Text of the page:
China has issued a ban on Windows 8 being used on official governmental computers in a move that may hasten adoption of open-source alternatives in the country. 

Microsoft’s latest operating system is said to have continually struggled to find a foothold in China, where more than 50% of desktop computers still run on the 13 year old Windows XP.

China’s Central Government Procurement Center issued the edict banning Windows 8 from being used on government computers last week, as part of a notice on the use of energy-saving products.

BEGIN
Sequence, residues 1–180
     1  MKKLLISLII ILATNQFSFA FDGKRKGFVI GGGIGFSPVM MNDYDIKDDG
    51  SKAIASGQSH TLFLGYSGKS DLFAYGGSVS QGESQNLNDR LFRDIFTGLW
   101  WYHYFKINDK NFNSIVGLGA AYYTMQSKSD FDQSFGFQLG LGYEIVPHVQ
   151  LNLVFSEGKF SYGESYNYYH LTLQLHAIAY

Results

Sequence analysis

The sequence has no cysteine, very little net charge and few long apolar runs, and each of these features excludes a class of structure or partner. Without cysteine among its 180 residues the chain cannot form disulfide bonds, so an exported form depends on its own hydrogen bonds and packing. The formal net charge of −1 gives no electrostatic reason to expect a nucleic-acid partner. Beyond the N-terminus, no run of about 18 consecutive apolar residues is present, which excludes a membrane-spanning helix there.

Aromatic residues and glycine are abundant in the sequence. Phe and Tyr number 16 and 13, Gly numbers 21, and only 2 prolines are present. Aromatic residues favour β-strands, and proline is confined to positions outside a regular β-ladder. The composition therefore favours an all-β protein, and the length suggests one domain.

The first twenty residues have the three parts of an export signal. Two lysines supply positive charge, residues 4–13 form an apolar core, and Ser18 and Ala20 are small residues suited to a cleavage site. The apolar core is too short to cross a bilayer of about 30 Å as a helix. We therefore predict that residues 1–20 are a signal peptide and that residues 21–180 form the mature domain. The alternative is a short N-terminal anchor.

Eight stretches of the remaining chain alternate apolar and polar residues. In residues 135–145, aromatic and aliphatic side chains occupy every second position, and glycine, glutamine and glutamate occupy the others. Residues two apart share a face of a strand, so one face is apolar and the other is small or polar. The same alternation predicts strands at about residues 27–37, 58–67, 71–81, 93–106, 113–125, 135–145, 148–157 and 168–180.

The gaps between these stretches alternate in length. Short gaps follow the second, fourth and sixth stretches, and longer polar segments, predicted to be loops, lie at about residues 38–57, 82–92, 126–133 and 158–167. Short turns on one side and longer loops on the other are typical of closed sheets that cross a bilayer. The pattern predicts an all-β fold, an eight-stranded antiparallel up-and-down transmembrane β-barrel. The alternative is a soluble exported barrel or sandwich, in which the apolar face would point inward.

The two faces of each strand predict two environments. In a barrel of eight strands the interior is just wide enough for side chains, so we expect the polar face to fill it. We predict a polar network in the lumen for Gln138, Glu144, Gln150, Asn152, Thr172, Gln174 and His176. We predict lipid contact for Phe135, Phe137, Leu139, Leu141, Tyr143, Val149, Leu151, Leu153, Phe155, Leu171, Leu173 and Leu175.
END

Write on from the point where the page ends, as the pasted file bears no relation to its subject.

Xinhua, the official news agency in China, said the ban was to “ensure computer security” following the axing of official support for Windows XP last month.

Neither the CGPC or Xinhua has explained how the ban will help save energy or aid in protecting against hackers.

Chance for Ubuntu Kylin?

But the ban could play well for Linux. With Windows XP users now left vulnerable to all manner of viruses the adoption of Ubuntu Kylin, a locale-specific version of Ubuntu developed by Canonical in association with the Chinese government, could rocket.

Last week the Kylin project announced a partnership with major OEM HP to bring Kylin-loaded laptops to retail stores across the country.

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